“Gitanjali,

Just in case we forgot some.

Love, Dad.”

Dosick begins the book by stressing the important role parents have to play today (the book was published in 1996) even more than before in imparting sound ethical values to their children, the adults of tomorrow. He then devotes the next 10 chapters to one ethical value each. Continue reading

Reading Challenge 2016 – Book 5: Hindu Gods: The Spirit of The Divine by Priya Hemenway

(My Rating: 3 / 5)

At less than a hundred pages long, this small, beautifully illustrated hardbound book is a concise introduction to Hinduism and its main gods, thirteen of them to be precise, not counting the ten incarnations of Vishnu that Hemenway also covers. (The book states that by some accounts there are 330 millions gods in the Hindu pantheon!)

Hemenway explains how every aspect of life is represented through the many gods of Hinduism and she gives us examples of this with each of the gods she has written about in this book. Continue reading

Book Review – Women of the Raj by Margaret MacMillan

(My Rating: 5/5)

A fascinating subject, vividly brought to life in Margaret MacMillan’s extremely capable hands, Women of the Raj: The Mothers, Wives, and Daughters of the British Empire in India is one of the most captivating historical non-fiction books I have come across.

The book explores what life was like for the women who came to India during the British Raj either to support their men – husbands, fathers, brothers – or to find themselves a husband. It aims to uncover what they felt about everything from the harsh climate, unusual customs, mysterious country and its people, to the uncertainty, dangers and pain of being separated from their families and everything familiar; and how they coped and dealt with it all. Continue reading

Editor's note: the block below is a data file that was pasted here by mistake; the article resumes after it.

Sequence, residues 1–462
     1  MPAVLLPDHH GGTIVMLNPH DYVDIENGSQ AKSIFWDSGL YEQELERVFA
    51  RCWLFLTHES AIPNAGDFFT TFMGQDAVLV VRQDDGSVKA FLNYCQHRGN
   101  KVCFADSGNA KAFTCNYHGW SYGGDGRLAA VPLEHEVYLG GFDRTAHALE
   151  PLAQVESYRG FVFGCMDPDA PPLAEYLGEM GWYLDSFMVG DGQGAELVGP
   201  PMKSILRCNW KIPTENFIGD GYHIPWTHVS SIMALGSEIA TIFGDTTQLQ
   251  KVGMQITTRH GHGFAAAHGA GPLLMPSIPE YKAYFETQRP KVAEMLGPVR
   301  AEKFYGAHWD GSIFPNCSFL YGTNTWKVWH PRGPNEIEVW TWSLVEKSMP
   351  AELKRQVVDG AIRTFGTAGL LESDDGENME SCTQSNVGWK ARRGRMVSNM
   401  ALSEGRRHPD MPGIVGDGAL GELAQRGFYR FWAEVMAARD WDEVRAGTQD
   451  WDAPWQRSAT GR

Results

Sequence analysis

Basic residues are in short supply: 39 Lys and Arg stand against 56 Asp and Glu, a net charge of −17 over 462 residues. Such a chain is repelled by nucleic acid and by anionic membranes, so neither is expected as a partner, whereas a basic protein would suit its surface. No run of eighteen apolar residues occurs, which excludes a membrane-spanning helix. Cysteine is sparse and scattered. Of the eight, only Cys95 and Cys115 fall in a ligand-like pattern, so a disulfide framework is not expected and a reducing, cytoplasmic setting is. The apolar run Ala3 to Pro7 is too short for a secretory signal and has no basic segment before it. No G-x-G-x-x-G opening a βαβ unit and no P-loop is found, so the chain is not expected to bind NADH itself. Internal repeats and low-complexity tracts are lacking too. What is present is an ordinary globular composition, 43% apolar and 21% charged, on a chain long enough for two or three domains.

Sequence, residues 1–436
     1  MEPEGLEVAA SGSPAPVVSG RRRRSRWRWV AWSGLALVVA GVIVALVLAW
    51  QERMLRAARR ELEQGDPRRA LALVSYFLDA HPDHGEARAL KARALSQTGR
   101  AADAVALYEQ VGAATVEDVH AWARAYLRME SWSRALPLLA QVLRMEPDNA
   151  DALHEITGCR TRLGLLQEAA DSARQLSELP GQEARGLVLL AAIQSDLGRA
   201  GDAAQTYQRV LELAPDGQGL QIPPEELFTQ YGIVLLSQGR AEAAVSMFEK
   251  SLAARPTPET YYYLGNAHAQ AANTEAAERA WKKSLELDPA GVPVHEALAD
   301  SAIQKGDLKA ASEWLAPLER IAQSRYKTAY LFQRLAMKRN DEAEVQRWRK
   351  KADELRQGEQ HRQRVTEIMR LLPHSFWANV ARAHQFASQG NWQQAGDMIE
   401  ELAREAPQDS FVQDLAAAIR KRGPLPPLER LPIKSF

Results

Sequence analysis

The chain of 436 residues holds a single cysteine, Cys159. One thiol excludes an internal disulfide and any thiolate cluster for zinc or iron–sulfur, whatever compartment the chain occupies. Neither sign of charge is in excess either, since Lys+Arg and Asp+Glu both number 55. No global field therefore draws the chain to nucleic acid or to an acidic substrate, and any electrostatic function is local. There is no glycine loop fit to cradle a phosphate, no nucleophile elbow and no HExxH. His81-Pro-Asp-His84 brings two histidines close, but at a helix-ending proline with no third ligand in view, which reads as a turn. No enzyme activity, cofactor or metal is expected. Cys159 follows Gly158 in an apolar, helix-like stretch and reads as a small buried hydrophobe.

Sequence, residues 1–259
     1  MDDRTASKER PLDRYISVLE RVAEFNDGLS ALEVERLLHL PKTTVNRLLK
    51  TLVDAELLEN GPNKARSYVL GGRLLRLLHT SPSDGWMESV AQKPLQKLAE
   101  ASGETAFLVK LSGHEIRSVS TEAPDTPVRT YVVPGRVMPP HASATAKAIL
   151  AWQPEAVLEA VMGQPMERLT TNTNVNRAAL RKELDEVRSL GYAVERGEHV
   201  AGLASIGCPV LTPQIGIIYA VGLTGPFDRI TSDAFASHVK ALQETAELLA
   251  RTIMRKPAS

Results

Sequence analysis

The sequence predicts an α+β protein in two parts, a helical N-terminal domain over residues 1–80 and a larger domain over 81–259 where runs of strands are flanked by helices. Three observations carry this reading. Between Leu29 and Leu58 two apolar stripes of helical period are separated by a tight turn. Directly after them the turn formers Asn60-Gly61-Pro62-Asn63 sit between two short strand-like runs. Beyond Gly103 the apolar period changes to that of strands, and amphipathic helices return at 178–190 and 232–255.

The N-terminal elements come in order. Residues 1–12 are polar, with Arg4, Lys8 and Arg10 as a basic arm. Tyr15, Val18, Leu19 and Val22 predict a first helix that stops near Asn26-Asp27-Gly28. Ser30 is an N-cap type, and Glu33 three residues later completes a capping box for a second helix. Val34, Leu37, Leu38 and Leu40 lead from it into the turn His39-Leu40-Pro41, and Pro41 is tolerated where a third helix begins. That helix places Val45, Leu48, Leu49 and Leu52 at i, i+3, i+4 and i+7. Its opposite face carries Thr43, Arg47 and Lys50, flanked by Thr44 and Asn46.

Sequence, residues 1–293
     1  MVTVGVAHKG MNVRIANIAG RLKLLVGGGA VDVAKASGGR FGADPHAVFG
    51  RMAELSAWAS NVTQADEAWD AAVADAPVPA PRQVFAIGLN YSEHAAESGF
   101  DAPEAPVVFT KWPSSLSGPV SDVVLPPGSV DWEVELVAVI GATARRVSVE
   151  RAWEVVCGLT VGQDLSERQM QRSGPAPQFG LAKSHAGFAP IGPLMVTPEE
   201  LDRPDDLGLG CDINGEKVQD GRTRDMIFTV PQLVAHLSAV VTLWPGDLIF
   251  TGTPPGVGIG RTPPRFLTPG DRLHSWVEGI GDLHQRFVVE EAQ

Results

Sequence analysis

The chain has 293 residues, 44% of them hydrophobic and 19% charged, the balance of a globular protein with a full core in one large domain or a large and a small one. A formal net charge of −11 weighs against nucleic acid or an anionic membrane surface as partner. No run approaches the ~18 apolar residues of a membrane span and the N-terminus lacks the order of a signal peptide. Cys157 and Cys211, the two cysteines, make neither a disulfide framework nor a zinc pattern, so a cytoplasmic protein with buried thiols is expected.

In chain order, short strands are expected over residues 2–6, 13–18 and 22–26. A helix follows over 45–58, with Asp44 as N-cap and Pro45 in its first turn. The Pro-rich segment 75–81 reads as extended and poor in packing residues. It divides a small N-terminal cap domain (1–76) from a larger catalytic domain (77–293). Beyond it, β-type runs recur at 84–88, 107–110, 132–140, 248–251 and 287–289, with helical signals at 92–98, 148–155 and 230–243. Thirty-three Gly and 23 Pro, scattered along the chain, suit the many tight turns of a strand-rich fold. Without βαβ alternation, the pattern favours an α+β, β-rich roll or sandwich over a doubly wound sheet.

Reading Challenge 2016 – Book 4: Words of Freedom (Bhagat Singh)

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(My rating: 3/5)

Published in 2010, to mark the 60th anniversary of the Indian Republic, Penguin’s series Words of Freedom – Ideas of a Nation, showcases the speeches and writings of 14 visionaries who most influenced India’s fight for Independence.

The series consists of 14 separate books, each dedicated to one visionary / freedom fighter: Mohandas Karamchand Gandhi, Jawaharlal Nehru, Sarojini Naidu, Vallabhbhai Patel, C. Rajagopalachari, Rabindranath Tagore, Aruna Asif Ali, B.R. Ambedkar, Bhagat Singh, E.V. Ramasami Periyar, Khan Abdul Ghaffar Khan, Rajendra Prasad, Maulana Abul Kalam Azad and Subhas Chandra Bose.

My father had picked up the Bhagat Singh book and passed it on to me after I had asked him to suggest a few books that would give me a better idea of India’s struggle for freedom.

I think reading someone’s actual words, rather than an account of what they did, gives one a much better understanding of the person in question.

Bhagat Singh’s words reveal a fearless person, one who is unafraid to disclose exactly what he is thinking, one who is committed to his beliefs and above all one who has clarity of thought. He comes across as a perceptive, far-sighted person who is very clear about what he wants for his nation and is not afraid to go after it, even while he is simultaneously aware of the realities and monumental obstacles that accompany the situation. What is even more shocking is that he was all this before he was 24 years old! (He was hanged by the British when he was 23) Continue reading